I presented the above talk last Saturday afternoon at the Resilience 2011 conference
held on the campus of Arizona State University in Tempe over the past few days. Here’s the abstract of my talk
Resilience in an urban socioecological system: exploring the dynamic interactions between water policy, residential water usage, the urban landscape, and plant and bird diversity
Madhusudan Katti*, Andrew Jones, Henry Delcore, Derya Ozgoc-Caglar, and Tom Holyoke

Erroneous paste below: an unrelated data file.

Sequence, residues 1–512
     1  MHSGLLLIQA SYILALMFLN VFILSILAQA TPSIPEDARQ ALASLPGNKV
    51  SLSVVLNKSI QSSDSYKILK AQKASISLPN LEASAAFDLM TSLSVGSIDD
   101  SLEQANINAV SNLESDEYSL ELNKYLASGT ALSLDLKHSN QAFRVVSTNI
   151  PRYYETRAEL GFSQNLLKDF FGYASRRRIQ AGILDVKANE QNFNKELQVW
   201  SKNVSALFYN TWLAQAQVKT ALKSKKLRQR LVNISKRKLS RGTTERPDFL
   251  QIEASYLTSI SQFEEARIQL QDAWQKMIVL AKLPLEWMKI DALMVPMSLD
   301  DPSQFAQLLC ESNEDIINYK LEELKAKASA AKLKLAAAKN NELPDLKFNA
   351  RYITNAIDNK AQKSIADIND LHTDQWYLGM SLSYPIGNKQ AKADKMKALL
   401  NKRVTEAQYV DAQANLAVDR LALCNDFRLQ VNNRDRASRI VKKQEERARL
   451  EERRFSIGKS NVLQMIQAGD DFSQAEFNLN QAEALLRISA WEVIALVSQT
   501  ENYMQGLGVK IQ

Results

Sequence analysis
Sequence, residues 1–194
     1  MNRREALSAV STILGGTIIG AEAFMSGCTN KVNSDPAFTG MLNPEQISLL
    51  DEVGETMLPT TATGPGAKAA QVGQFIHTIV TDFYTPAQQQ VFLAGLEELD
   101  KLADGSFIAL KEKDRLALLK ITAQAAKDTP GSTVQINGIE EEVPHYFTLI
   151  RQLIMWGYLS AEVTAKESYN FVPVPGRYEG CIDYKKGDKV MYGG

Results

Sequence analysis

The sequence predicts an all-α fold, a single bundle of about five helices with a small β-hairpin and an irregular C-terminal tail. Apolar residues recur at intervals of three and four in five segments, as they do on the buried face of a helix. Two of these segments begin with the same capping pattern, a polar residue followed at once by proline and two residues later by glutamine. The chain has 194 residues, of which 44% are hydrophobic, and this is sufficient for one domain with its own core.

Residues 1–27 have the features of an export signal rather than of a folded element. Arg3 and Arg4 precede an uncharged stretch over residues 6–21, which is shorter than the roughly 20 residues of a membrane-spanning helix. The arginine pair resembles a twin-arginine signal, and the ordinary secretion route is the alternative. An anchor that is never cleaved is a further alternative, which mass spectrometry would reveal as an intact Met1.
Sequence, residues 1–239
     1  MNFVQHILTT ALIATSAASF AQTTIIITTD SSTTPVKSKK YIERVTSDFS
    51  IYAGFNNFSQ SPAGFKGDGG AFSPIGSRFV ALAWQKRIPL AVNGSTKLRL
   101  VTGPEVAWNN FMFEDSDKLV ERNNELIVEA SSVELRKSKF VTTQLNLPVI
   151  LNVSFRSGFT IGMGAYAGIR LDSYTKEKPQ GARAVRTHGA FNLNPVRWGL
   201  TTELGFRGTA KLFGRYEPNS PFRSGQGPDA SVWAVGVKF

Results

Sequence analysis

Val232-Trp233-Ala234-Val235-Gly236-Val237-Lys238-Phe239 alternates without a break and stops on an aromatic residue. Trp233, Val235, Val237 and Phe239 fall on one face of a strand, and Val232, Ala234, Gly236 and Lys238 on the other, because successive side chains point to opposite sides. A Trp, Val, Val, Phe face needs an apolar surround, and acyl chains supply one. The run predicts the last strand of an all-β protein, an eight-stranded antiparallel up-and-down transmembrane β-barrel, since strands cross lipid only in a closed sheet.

Ecological theory has begun to incorporate humans as part of coupled socio-ecological sys- tems. Modern urban development provides an excellent laboratory to examine the interplay among socio-ecological relationships. Urban land and water management decisions result from dynamic interactions between institutional, individual and ecological factors. Landscaping and irrigation at any particular residence, for example, is a product of geography, hydrology, soil, and other local environmental conditions, the homeowners’ cultural preferences, socioeconomic status, identity construction, neighborhood dynamics, as well as zoning laws, market conditions, city policies, and county/state/federal government regulations. Since land and water management are key determi- nants of habitat for other species, urban biodiversity is strongly driven by the outcome of interac- tions between these variables. This study addresses the significance of water as a key variable in the Fresno-Clovis Metropolitan Area (FCMA), shaping current patterns of landscape and water use, at a time when the city of Fresno is installing meters as a regulatory tool to conserve water. A recent study from the Fresno Bird Count found that bird species richness and functional group diversity are both strongly correlated with residential irrigation and neighborhood income levels. Tree species diversity shows a similar pattern. Water usage in the FCMA is also directly linked to socioeconomic status, but what exactly are the social behaviors entailed by socioeconomic sta- tus? How will water use behaviors change across the socioeconomic spectrum with changes in the cost of water due to metering? In turn, how will plant and bird diversity change in the aftermath of metering? We examine several theoretical models explaining outdoor water use behaviors, with the aim of assessing the resilience of such behaviors with the introduction of water metering in Fresno, and the resilience of urban plant and bird communities to resulting changes in water use in the landscape. We argue that socioeconomic status results from a complex interplay of cultural, economic, structural, and social-psychological factors, influencing institutional policies regarding the governance of water resources, and in turn impacts biodiversity within the urban landscape through spatial and temporal variations in water usage. This study is part of a long-term research project that examines the impacts of human water usage and water use policies on biodiversity within an urban environment.